Chefs seem to find it hard to serve and celebrate the good old chicken's egg and they go in search of larger and larger eggs. Duck and goose egg? Too much egg - just say no. Faced with a goose egg, I can suddenly understand those who complain about things being too eggy.

Gull's eggs, on the other hand, are truly worthy of lust. Delicious, rare and speckled baby blue, they are a thing of beauty. They have an almost see-through white and a glowing sun of yolk. They've got a minute season here in the UK: blink and you'll miss it. The licence to pick the eggs is handed down from father to son. I recommend eating as many as possible when they're around.

My preferred method is to simply boil them for seven or eight minutes and serve them with celery salt. We make our celery salt by mixing equal quantities of grated celeriac with salt and leaving them in the fridge for a couple of days to get to know each other. We then lay the mixture out on a baking tray and cook it in a low oven for two or three hours to dry out thoroughly (you want to check it regularly to avoid singeing) and then crush the mix with a pestle and mortar or a Magimix. It keeps well in an airtight container, and enlivens quail's and hen's eggs just as well as it does gull's. Just peel, dip and eat.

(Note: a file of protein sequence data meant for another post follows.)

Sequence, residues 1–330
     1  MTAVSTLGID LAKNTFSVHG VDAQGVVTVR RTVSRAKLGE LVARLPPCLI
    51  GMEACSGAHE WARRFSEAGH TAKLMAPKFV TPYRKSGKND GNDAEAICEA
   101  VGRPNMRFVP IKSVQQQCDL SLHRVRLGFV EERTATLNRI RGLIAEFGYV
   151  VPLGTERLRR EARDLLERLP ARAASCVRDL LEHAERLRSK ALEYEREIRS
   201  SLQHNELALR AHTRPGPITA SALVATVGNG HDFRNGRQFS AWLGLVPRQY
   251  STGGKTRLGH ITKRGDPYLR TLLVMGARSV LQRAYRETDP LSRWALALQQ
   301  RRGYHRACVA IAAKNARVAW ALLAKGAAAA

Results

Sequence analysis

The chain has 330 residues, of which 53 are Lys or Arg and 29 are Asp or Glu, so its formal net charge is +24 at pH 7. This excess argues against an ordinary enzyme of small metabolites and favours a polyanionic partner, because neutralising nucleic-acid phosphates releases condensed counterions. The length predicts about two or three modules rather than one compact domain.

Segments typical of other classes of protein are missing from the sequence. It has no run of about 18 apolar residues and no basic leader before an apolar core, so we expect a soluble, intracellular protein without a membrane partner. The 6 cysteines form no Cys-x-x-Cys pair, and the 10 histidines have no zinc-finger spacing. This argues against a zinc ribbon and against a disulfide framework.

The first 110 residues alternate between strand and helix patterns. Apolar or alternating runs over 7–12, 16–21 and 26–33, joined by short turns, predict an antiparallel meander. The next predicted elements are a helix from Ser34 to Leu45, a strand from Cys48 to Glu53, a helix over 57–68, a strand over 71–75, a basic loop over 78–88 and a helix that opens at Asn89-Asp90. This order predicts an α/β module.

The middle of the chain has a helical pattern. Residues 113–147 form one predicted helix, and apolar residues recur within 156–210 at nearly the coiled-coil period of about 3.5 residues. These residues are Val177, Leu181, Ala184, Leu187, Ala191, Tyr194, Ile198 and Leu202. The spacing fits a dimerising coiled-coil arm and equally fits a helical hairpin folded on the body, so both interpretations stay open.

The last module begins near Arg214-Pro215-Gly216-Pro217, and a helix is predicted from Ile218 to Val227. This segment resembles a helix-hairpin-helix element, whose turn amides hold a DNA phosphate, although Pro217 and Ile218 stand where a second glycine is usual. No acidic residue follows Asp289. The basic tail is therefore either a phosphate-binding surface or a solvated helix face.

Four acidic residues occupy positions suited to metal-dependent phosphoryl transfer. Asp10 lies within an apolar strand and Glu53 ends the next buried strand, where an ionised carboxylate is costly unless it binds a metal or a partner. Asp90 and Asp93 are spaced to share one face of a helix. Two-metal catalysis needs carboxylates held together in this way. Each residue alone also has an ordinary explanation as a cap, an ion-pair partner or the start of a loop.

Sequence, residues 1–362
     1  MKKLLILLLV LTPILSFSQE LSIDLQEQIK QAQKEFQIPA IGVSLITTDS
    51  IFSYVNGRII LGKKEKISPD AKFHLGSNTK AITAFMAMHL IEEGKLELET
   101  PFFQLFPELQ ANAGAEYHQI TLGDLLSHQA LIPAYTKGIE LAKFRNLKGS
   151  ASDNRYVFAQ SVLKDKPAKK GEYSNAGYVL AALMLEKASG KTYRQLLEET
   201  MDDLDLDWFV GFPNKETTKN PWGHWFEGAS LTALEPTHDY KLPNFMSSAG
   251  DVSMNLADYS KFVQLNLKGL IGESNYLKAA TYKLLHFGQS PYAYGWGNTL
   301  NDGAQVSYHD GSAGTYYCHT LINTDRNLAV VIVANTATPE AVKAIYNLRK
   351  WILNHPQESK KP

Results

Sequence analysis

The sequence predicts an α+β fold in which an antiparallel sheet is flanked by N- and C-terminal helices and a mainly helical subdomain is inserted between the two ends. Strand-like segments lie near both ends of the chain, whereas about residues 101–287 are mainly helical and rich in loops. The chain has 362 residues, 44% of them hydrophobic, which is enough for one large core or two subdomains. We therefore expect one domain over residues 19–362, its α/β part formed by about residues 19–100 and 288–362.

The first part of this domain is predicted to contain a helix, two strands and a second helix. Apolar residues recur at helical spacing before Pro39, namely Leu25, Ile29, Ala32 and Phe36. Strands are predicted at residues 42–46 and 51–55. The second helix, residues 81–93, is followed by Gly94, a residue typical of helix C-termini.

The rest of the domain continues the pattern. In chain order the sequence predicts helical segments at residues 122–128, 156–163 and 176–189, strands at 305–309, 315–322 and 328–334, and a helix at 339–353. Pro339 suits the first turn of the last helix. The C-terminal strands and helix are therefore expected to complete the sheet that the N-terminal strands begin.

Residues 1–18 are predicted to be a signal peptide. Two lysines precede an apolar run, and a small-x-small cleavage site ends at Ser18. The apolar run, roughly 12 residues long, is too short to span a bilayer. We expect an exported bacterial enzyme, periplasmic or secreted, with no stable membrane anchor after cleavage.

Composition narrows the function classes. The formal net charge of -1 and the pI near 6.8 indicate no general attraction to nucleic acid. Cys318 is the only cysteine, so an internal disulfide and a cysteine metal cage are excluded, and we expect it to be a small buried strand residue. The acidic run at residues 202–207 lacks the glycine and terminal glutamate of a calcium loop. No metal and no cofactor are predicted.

Before I leave you, a warning: if you pop into Sweetings, the famed London fish restaurant, during gull's egg season, they have a habit of putting a basket of them in front of you to help yourself from. They don't come cheap, however, and before you know it you suddenly realise you have to remortgage your house. Likewise, at lunch at Wiltons, another well-known restaurant, the words slip irresistibly from the silky tongue of the waiter: "Would sir like a couple of gull's eggs and a glass of Champagne before lunch?" At this point, you have to sell your children as well. Heigh-ho! Such is life, and it doesn't get much better than this.